How long would it take someone to eat ninety-four Mc Donald's Cheeseburgers? That is thirty one thousand calories and a little over fifteen and half days worth of food--in other words, one gallon of aliphatic hydrocarbon, more commonly known as gasoline. Around the world millions upon millions of gallons of gasoline are burned each and every day. At first glance, this seems like an efficient energy source, but upon closer consideration, it becomes obvious that the cost "pollution--dramatically overshadows the benefits. The outdated technology of the internal combustion engine, the apparatus used to convert this "magic liquid- into energy, is the sole culprit responsible for gasoline's detrimental effects. .
Initially introduced in 1885 by Gottlieb Daimler and Karl Benz, the internal combustion engine works by a controlled explosion of fuel. The process involves a certain amount of vaporized fuel compressed into a cylinder and then ignited, causing the energy to be directed accordingly. .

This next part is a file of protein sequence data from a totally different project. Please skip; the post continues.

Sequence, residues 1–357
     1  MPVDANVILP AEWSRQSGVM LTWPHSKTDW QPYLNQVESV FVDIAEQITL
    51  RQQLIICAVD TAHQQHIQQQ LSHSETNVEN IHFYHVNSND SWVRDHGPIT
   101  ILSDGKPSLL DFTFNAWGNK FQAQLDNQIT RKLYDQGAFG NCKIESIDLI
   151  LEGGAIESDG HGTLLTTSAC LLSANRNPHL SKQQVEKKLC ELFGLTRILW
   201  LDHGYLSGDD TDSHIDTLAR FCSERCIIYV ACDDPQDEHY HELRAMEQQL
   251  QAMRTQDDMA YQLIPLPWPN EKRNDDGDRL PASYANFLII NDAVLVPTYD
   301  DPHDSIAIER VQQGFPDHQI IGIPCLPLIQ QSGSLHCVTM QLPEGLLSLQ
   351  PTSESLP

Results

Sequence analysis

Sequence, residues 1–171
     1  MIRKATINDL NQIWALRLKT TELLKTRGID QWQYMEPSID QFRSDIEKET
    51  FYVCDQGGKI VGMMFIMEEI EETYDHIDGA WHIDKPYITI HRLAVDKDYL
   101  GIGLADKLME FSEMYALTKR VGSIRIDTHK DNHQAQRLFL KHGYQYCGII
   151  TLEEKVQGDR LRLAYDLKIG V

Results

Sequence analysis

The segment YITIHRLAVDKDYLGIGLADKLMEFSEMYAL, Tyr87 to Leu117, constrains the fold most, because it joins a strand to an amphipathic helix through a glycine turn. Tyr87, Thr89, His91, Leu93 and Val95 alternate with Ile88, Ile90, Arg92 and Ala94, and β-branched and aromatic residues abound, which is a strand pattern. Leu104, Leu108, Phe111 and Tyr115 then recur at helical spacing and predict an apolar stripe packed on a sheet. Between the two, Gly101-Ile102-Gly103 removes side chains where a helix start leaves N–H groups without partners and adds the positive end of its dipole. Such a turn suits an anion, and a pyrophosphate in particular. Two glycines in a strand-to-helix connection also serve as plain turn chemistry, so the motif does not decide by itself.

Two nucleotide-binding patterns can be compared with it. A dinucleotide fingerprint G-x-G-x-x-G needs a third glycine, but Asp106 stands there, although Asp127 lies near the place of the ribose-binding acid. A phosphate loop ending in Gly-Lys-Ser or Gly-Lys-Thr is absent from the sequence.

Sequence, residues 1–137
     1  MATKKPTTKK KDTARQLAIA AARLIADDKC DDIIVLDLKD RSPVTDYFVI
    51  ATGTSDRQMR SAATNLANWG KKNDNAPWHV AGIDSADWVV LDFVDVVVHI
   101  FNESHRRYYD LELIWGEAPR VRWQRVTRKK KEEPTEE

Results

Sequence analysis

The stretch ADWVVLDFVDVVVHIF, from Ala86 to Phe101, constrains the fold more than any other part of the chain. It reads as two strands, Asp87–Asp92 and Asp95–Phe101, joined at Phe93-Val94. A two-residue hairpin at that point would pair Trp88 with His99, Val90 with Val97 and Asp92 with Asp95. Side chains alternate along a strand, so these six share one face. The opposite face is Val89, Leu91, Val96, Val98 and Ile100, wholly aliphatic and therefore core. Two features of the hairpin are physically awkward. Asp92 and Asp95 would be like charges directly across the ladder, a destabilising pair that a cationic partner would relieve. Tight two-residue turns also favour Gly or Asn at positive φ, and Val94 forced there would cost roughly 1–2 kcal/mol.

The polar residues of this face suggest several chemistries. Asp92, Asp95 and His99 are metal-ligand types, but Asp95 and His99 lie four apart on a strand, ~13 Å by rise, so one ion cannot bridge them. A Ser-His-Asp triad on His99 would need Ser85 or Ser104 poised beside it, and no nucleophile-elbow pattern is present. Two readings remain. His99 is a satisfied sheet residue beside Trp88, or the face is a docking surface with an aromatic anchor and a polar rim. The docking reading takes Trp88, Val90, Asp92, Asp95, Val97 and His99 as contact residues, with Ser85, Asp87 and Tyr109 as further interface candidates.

Still far from perfect, the process of controlled explosion produces various harmful emissions "most notably Hydrocarbons, Carbon monoxide, and Nitrogen Oxides. Hydrocarbons, which are toxic and carcinogenic, escape into the air during refueling and running a car engine and cause eye irritation, congestion, wheezing, shortness of breath, permanent lung damage, and acid rain. They also react with Nitrogen Oxides in sunlight to form ground level ozone. A colorless, odorless, gas, Carbon Monoxide reduces the flow of oxygen in the bloodstream and hinders mental functions and visual perception. This gas is typically produced in colder temperatures. Nitrogen Oxides are associated with water problems, acid rain, and low ozone formation.
For over 100 years, the internal combustion engine has played a key role in the development of civilization. Because mankind realizes technology causes detrimental effects on both the length of his life and the life of the planet, scientists are attempting to reduce emissions from the I.